The tussle for market share between IBM, which last week introduced new Unix servers, and Sun Microsystems could mean better deals for customers in the months ahead, analysts said.
But users shouldn't evaluate the two companies based only on the competing price and performance claims being bandied about by the vendors, analysts added.
IBM last week claimed that its two new midrange Unix servers - the p620 and the p660 - offer substantially greater performance at much lower prices than comparable systems from Sun.
The systems are the first midrange IBM servers to feature the company's silicon-on-insulator technology, as well as self-management and mainframe-class error-correction capabilities, which result in a 35 per cent performance boost without additional cost, said Michael Kerr, an IBM vice president.
Sun declined to comment on IBM's claims. But Jonathan Eunice, an analyst at Illuminata, said that while IBM's new boxes may have the same raw performance as comparable Sun servers, they don't have the same redundancy or built-in scalability.
Meanwhile, as previously planned, Sun last week cut prices on several of its server configurations to make way for its new UltraSPARC III-based systems, which are due to start shipping in volume later this year.
Prices for the Sun's UltraSPARC II-processor-based Sun Enterprise 3500 to 6500 servers were reduced by as much as 16 per cent. For example, the price of a Sun Enterprise 6500 system with 24 processors and 48GB of memory was cut from US$874,000 to $775,000, or by 11.3 per cent. Sun also dropped prices on its Enterprise 10000 server by as much as 16 per cent.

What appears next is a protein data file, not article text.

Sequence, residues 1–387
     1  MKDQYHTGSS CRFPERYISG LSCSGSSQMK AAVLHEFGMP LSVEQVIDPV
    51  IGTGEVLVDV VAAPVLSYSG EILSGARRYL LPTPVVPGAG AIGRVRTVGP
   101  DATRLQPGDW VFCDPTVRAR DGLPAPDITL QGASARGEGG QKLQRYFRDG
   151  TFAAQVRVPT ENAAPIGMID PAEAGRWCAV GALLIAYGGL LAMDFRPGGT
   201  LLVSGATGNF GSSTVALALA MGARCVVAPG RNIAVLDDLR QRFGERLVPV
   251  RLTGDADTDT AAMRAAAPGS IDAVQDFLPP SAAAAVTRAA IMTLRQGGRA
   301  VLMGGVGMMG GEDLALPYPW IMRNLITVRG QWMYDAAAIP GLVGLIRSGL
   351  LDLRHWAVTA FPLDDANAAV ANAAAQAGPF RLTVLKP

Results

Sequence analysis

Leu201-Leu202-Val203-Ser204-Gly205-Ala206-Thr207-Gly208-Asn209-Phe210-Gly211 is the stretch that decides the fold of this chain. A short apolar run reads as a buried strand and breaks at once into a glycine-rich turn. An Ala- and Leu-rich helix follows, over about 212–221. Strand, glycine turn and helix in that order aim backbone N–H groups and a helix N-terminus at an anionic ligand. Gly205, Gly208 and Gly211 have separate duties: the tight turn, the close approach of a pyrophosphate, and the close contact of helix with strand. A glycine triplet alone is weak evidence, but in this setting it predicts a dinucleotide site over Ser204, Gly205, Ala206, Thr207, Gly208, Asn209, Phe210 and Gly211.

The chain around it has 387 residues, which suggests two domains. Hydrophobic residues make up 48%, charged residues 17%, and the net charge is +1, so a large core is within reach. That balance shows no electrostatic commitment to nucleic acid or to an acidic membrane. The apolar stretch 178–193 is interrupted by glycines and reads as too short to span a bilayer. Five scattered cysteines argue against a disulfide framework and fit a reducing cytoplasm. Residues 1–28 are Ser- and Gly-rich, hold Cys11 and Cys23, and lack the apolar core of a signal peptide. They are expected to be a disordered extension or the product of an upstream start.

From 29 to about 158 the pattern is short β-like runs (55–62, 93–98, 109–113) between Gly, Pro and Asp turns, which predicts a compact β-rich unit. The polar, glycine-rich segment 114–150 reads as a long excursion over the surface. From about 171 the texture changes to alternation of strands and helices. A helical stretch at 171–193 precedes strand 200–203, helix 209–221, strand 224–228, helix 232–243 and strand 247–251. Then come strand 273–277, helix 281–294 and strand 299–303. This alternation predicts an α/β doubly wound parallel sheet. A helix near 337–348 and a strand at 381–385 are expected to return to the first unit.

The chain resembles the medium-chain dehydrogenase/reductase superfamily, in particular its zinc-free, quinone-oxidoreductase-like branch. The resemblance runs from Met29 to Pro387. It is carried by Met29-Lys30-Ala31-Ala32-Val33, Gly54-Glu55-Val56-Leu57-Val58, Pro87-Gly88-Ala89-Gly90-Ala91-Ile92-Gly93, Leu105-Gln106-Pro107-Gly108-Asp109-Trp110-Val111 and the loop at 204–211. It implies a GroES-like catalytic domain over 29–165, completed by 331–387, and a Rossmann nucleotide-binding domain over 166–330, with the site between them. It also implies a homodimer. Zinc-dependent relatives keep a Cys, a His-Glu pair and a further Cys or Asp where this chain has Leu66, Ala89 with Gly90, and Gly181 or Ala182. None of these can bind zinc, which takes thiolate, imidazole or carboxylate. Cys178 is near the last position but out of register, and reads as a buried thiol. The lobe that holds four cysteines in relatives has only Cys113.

While Sun's price cuts are related to its UltraSPARC III systems, they're also part of the company's increasingly bitter turf war with IBM, according to Eunice.
Sun had a 45 per cent growth rate from 1999 to 2000 in worldwide server revenue. It also had a higher U.S. server revenue last year, with $4.78 billion in sales, compared with IBM's $4.69 billion, according to Stamford, Conn.-based Gartner Inc.'s Dataquest unit. But IBM shipped more units in the U.S. last year, selling 239,612 servers while Sun sold 139,243.
"IBM continues to be a tremendous thorn in Sun's side [because] their systems are strong and their pricing is aggressive," Eunice said.
As a result, "both the vendors are obviously very sensitive to what the other is doing," said Joyce Becknell, an analyst at Aberdeen Group.
The good news, from a user perspective, is better prices, more aggressive discounts and better services all around, Eunice said.
"I think they are going to go blow for blow," said Bob Plamondon, a senior director of global IT services delivery at Cable & Wireless PLC, a telecommunications services firm.
The company, which uses many Sun servers, last year purchased a high-end IBM Unix server to run a crucial data warehousing application.
As part of the deal, IBM trained four Sun Solaris administrators to work with IBM's AIX Unix, explained Plamondon. "It was a big help, because we had no AIX skills," he said.
So far, IBM claims to have trained 1,000 Solaris server administrators and taken more than $150 million in business away from Sun as a result of its AIX for Solaris Administrators project.
"They were extremely competitive with each other," noted Kevin Smith, CEO of New York-based start-up MDoffices, which recently purchased IBM's new servers to host an application that enables physicians to transmit prescriptions and other medical information via wireless devices.
MDoffices had planned to host its services on Sun equipment but opted for IBM because the company offered a better lease option, he said.
IBM "offered us an opportunity to get the kind of equipment we needed as a start-up, on a lease arrangement where we didn't have to pay anything for six months," Smith said.
The company is currently installing IBM's new servers but will continue to test its applications on Sun equipment as well, he added.